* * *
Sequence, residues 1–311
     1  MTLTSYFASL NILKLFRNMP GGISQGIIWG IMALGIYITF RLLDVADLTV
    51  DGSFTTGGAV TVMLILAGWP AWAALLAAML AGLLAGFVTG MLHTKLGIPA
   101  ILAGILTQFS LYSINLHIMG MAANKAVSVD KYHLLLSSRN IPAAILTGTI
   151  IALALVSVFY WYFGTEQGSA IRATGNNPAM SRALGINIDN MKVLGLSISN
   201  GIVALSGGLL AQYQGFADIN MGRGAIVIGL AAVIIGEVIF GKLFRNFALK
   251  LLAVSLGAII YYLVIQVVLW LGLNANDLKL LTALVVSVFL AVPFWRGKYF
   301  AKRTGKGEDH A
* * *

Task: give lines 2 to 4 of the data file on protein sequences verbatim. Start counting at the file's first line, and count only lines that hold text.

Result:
     1  MTLTSYFASL NILKLFRNMP GGISQGIIWG IMALGIYITF RLLDVADLTV
    51  DGSFTTGGAV TVMLILAGWP AWAALLAAML AGLLAGFVTG MLHTKLGIPA
   101  ILAGILTQFS LYSINLHIMG MAANKAVSVD KYHLLLSSRN IPAAILTGTI